Worries and Hopes as We Look to the Future

Peter Reilly (Texas A&M) directed the panel to discuss where mediation is going.

Erin Archerd (Detroit Mercy)

Is restorative justice different than mediation or really mediation itself?  Like mediation, it is a part of “peace making,” and like mediation we need to ask ourselves whether the process has been lessened in the name of results.  Almost every state has some form of RJ law or regulation, and we’re primarily seeing it in schools for disciplinary issues in part to combat the school to prison pipeline.  With restorative justice, we could mean victim-offender conferences, peace-making circles, and victim offender dialogues.  State goals are often described as accountability, restoration, and repair, but we are seeing compliance being the more embedded goal.  Her concern is that rather than these processes reflect community practices, the goals will be institutionalized rather than emanating from the communities / groups themselves.  In an example from Michigan, a limited number of practitioners went into the schools, but they were compliance officers – a place where students were sent when they were misbehaving.  Things to monitor going forward – how it’s adopted, codification, implementation, and quality verification (which she considers to be the big piece).  One big question is how can we verify it’s going well.  Is it recidivism, adherence to agreements or something else?  Also, RJ practitioners do not like how scripted the process is.  She thinks there’s a benefit to using scripts – it cuts down on the facilitator’s ability to engage their biases into the process.

Art Hinshaw (Arizona State)

Rather than summarize my own presentation, and I didn’t think of asking someone else to do so.  So instead, here are my bullet points of hopes and mopes, starting with the mopes to end on a happier note.

Reasons to Mope

  • There is almost no professional regulation of mediation, and there is little recourse against unscrupulous mediators.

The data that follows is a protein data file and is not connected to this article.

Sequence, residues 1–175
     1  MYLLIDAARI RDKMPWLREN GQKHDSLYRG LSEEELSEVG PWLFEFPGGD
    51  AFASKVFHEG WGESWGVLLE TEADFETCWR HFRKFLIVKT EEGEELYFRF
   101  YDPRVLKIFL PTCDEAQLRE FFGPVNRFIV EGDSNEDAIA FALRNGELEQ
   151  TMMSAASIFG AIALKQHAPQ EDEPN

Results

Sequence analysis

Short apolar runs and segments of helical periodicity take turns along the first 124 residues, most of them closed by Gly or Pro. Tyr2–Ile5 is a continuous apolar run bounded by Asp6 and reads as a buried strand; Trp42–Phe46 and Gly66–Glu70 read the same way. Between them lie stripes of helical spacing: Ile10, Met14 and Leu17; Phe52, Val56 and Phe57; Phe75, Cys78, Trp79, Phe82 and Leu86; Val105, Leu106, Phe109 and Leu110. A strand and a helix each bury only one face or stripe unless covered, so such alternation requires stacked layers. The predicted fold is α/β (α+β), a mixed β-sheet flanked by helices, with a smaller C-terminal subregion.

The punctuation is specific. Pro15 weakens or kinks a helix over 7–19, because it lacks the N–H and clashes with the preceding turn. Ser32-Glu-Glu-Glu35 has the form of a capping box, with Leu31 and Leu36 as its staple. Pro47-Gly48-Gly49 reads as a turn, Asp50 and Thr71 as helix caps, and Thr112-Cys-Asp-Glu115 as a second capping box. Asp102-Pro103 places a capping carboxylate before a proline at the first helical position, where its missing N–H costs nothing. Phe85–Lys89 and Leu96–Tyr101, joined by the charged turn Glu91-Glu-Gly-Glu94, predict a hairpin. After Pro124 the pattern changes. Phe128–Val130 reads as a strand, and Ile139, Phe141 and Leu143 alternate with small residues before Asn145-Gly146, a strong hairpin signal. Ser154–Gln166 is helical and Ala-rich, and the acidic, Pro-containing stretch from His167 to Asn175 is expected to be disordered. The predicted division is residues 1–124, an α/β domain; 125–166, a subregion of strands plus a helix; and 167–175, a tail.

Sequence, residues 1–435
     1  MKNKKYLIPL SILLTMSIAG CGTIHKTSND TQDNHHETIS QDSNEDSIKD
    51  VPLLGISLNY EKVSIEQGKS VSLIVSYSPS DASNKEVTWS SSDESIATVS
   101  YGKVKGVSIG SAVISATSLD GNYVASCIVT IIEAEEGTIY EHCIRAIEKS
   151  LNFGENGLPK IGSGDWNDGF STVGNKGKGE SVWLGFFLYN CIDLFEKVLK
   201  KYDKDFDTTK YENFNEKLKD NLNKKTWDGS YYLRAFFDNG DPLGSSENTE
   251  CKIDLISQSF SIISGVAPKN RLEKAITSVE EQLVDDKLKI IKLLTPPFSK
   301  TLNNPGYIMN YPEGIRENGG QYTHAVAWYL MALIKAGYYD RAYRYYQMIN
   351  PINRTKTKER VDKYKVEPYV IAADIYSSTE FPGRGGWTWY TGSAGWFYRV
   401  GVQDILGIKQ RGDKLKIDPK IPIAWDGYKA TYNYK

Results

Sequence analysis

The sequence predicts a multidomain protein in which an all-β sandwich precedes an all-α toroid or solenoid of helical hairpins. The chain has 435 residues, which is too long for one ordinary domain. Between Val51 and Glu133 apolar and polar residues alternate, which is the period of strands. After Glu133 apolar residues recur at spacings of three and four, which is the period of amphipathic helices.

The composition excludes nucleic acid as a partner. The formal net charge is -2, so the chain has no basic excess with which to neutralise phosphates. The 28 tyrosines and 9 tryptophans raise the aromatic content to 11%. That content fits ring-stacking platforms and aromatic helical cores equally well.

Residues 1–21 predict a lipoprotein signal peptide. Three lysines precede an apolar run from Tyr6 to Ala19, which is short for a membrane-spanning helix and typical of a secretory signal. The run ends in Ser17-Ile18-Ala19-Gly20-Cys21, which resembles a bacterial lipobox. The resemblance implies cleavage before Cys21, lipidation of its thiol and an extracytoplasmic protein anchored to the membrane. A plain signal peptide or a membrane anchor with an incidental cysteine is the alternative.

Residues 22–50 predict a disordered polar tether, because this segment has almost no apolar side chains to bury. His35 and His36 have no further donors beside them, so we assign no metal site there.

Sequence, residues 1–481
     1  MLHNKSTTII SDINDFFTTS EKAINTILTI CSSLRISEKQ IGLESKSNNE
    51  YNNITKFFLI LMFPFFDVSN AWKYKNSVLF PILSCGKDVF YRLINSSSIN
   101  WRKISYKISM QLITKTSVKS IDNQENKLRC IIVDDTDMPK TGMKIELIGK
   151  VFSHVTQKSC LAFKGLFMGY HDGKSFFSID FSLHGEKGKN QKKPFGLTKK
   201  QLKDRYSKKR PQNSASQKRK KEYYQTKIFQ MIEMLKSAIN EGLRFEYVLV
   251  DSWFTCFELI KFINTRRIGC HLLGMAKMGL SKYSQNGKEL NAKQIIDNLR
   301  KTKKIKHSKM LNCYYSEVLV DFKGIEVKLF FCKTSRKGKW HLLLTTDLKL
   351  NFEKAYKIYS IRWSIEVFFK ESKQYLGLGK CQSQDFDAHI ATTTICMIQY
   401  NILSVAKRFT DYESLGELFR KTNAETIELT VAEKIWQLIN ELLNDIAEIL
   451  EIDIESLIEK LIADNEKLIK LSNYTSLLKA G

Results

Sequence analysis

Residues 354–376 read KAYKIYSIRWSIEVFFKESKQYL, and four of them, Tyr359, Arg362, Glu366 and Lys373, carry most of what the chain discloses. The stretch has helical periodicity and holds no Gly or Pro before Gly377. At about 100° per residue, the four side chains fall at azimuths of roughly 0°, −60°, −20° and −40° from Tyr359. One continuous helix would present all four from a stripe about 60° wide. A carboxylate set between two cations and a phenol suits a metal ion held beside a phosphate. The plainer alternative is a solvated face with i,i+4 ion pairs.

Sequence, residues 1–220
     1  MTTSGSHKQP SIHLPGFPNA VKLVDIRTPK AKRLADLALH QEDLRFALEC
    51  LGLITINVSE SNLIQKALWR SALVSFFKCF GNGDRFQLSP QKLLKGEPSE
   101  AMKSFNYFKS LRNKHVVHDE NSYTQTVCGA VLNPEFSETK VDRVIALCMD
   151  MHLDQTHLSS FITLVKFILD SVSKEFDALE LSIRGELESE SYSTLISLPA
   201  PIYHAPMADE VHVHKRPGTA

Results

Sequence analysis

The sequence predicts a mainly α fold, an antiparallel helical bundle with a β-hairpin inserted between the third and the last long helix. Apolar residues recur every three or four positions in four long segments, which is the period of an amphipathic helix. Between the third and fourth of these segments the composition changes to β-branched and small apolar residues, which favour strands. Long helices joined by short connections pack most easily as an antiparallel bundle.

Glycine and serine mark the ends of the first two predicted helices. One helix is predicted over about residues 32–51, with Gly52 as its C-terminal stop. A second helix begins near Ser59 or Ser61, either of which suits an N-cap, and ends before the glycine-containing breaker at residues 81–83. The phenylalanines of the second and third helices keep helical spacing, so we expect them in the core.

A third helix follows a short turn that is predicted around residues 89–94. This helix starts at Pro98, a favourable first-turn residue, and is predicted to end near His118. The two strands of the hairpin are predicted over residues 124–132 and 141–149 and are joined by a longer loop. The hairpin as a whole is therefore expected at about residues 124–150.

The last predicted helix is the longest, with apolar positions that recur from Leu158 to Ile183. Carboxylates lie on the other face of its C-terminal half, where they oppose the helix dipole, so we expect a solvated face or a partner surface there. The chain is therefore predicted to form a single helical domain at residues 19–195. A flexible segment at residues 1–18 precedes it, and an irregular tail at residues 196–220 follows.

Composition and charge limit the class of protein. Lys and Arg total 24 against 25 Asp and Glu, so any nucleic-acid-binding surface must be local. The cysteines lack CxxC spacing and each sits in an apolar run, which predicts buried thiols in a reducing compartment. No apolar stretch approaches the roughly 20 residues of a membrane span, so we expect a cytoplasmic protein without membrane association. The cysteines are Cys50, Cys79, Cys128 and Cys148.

• Flexibility in the mediation process was once considered a hallmark of mediation’s ability to meet client needs. However, the process is now routinized to focus on the needs of the professionals.
  • A large number of mediators look at their role very narrowly, only associated with litigation issues.

Reasons to Hope

  • Mediation remains the dispute resolution process of choice across the US and will likely maintain that position.
  • Mediation is the one place where parties’ emotional concerns can be addressed through “official” processes.
  • The Next-Gen bar exam (nationwide in 2028) will elevate the importance of problem-solving in both legal education and legal practice.
  • Despite mediators’ narrow focus, mediation is still a head and heart process. While AI will be able to do the head portion, it will not be able to replace the heart portion of the process.  And AI will be able to help train mediatiors to improve their skills in a wide variety of situations they will encounter.

Colin Rule (odr.com)

ODR is ADR plus technology, and there is a lot of amazing work being done.  Everyone is talking about Artificial Intelligence, which is still in its early public phase.  Our reactions to it are more like a rosharch test – a test about you.  In ADR AI is the 4th party with a seat at the table along w/ the 3rd party neutral.  Remember that AI looks for patterns in datasets.  While there are legitimate worries that data can be biased, it’s data and we can fix data.  Our job now is to come up with dispute resolution specific guard rails, and online mediator ethical standards need to include platform designers.   Most of the field’s current focus is on whether/how AI can carry out our professional roles (mediator, arbitrator, ombudsperson, etc.), and we need to understand that it is here to stay.  But rather than replace mediators, it will make us more human.  We can focus on the human journey while the 4th party does the rest.  The other thing we need to remember is how much AI will increase access to justice for so many people – much more access than what is available today.

One thought on “Worries and Hopes as We Look to the Future”

  1. Thanks for the summary. A few caveats:

    1) I’ve done no formal summary of Michigan RJ. The comment was more anecdotal from some Detroit Metro practitioners.

    2) It’s mediators who tend to dislike the scripted nature of RJ, but I think mediators might benefit from a more scripted approach – at least those mediators who would like to remain more facilitative.

    ~ Erin

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